Railways on TV: The Adriatic Express Affair (The Man from Uncle)

This series of posts on railways and railway journeys on cult TV shows kicks off with this second-series episode of The Man from UNCLE. And the show itself starts off in great UNCLE style with the men using communicators hidden inside guide books. If they survive they are no doubt in someone’s collection nowadays. I also love the way it starts with Solo ogling a pretty girl.
I find it interesting the way you could actually miss the railway journey in this show if you tried to – the journey is mostly a foil to the colourful plot and larger than life characters. I hadn’t thought about it until watching this show for the umpteenth time this afternoon, but I hadn’t thought about what genres The Man from UNCLE could reference, by which I mean that it obviously isn’t just a straight spy show and while the third series has the reputation for camping it up in competition with Batman (imagine even trying…) this episode of this series is certainly not completely dead pan. Elements of camp abound throughout this – whoever put out a raging fire with a soda siphon? – but it also has elements of…I want to say slapstick or the circus. I’m thinking particularly about the man with a false beard in the station: if you try to place obviously false beards in context it usually means an obvious fake spy, and usually that beard is going to be twanged on his chin, which is what makes me think of the more humorous elements. I may be taking this too far, however.
I find the character of Madame fascinating. I really cannot tell whether the old lady act is intended to be deliberately put on so that people will underestimate her. Certainly she acts as if she is very elderly indeed while still managing to keep tabs on a beauty empire as a day job and be a THRUSH agent as well. I would put her age as being in her sixties (although I am notoriously a bad judge of this) yet she herself states that she doesn’t sleep at all. She is another of these characters in The Man from UNCLE who are overdone just enough to be completely unreal. I find particularly interesting that Madame’s main beauty advice is to stay out of the sunlight – this is surprisingly modern and at the time you would expect any beauty kitten to spend quite a lot of time and effort getting the kind of deep tan considered attractive at the time, and leading to malignant melanoma in later life.
The technology is also overdone enough not to hold water when under consideration (please don’t think that this is a criticism) . The spikes in the sausage stall are wonderfully ridiculous – there is no conceivable way any death caused by that could be accidental and the particular incident at the station would in reality stop the train departing. The plot of a culture which can effectively end everything is right up there with the later series of The Avengers. Those who know me will know that this is probably the highest praise I personally can ever give to a TV show!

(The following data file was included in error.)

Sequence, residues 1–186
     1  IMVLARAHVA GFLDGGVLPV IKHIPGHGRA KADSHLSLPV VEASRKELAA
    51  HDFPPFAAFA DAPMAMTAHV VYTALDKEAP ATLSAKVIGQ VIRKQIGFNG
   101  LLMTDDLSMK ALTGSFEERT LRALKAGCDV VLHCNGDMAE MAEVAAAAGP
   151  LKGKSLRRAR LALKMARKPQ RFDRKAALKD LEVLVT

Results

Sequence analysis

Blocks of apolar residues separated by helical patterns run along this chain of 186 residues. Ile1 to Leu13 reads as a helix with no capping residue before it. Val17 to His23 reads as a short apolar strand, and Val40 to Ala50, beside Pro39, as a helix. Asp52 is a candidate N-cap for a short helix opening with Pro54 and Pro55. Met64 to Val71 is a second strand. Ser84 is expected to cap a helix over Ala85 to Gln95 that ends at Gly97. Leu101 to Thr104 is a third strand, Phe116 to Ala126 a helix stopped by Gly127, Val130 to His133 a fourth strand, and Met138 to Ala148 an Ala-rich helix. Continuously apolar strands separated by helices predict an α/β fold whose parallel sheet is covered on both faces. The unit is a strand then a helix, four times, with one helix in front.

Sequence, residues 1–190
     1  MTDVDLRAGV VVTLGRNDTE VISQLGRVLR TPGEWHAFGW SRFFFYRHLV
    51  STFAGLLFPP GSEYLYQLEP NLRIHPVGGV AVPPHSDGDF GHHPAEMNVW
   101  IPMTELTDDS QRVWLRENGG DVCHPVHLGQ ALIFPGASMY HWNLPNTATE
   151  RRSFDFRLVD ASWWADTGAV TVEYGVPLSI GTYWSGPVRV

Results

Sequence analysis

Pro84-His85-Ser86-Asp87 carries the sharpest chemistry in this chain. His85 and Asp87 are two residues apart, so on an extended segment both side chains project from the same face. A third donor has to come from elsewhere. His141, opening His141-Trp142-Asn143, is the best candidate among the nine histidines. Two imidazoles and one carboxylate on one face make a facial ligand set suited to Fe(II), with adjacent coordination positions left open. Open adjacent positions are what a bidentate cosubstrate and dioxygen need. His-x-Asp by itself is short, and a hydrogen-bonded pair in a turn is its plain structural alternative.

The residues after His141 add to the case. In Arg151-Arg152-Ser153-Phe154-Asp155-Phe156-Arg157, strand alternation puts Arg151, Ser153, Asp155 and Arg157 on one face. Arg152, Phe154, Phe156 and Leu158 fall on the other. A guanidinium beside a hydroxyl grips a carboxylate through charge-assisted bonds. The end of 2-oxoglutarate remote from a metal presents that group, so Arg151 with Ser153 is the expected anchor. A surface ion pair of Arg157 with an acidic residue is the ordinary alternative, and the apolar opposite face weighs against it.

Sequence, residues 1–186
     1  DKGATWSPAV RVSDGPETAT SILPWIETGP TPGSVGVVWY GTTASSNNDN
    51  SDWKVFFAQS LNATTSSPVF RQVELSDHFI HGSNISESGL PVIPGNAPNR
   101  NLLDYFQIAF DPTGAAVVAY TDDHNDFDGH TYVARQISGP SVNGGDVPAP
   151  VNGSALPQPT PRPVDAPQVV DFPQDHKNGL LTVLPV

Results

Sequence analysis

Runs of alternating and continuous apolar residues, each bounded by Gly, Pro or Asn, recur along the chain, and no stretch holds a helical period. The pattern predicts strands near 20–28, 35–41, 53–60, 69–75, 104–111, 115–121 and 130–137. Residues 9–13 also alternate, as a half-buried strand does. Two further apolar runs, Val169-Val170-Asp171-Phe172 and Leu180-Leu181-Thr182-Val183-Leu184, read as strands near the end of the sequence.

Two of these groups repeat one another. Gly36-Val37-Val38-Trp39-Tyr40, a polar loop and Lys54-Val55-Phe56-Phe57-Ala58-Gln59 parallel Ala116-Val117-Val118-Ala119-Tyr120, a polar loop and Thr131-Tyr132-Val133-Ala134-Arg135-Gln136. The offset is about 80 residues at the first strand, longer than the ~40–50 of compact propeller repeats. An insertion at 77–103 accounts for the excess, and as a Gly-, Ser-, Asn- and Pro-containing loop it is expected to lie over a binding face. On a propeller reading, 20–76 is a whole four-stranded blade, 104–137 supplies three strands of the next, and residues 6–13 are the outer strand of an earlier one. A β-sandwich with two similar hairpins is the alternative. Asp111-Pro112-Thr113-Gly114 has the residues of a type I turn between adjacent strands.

The train (just in case anyone thought I would never get round to mentioning it) is used to provide the kind of closed environment in which an investigation and action can be carried out. This is hardly a whodunit though, as I think it is very clear from very near the beginning who is on the THRUSH side. Apart from anything else, Madame is very obviously the stock femme fatale of the spy genre. Once again this is not a criticism – it is a statement of fact and I would definitely put this show in the category of ones you must sit back and enjoy the atmosphere for a bit, rather than an intellectual puzzle to be solved. This show does borrow a major trope from the spy genre, which I will take it upon myself to describe as the struggle in/outside of a train, a staple of so many films of the 1960s. If I have a criticism of this show it is that the train is slightly too obviously a set. Although when I come to think of it I think that I may be seeing it like that because I am returning to UNCLE after a little while of not watching it. I am also coming straight from the uncompromising realism of The Sweeney and the contrast makes it slightly too obvious where the stock footage of a steam train is used.
In fact I realise that I have actually forgotten how much of a parody The Man from UNCLE is. I do love the way Solo invites Madame to join UNCLE, and the revelation that she was the originator of THRUSH. And even better I love the way Madame presents herself as an UNCLE agent to the young girl. There are so many shades of The Avengers in this show, especially in Madame’s pursuit of endless youth which becomes a quest to end the world when she can’t get what she wants, that it is impossible to enumerate them all.
My absolutely favourite scene is the one where Solo is so rude about the way Madame applies makeup, indicating that she should have her eyes tested.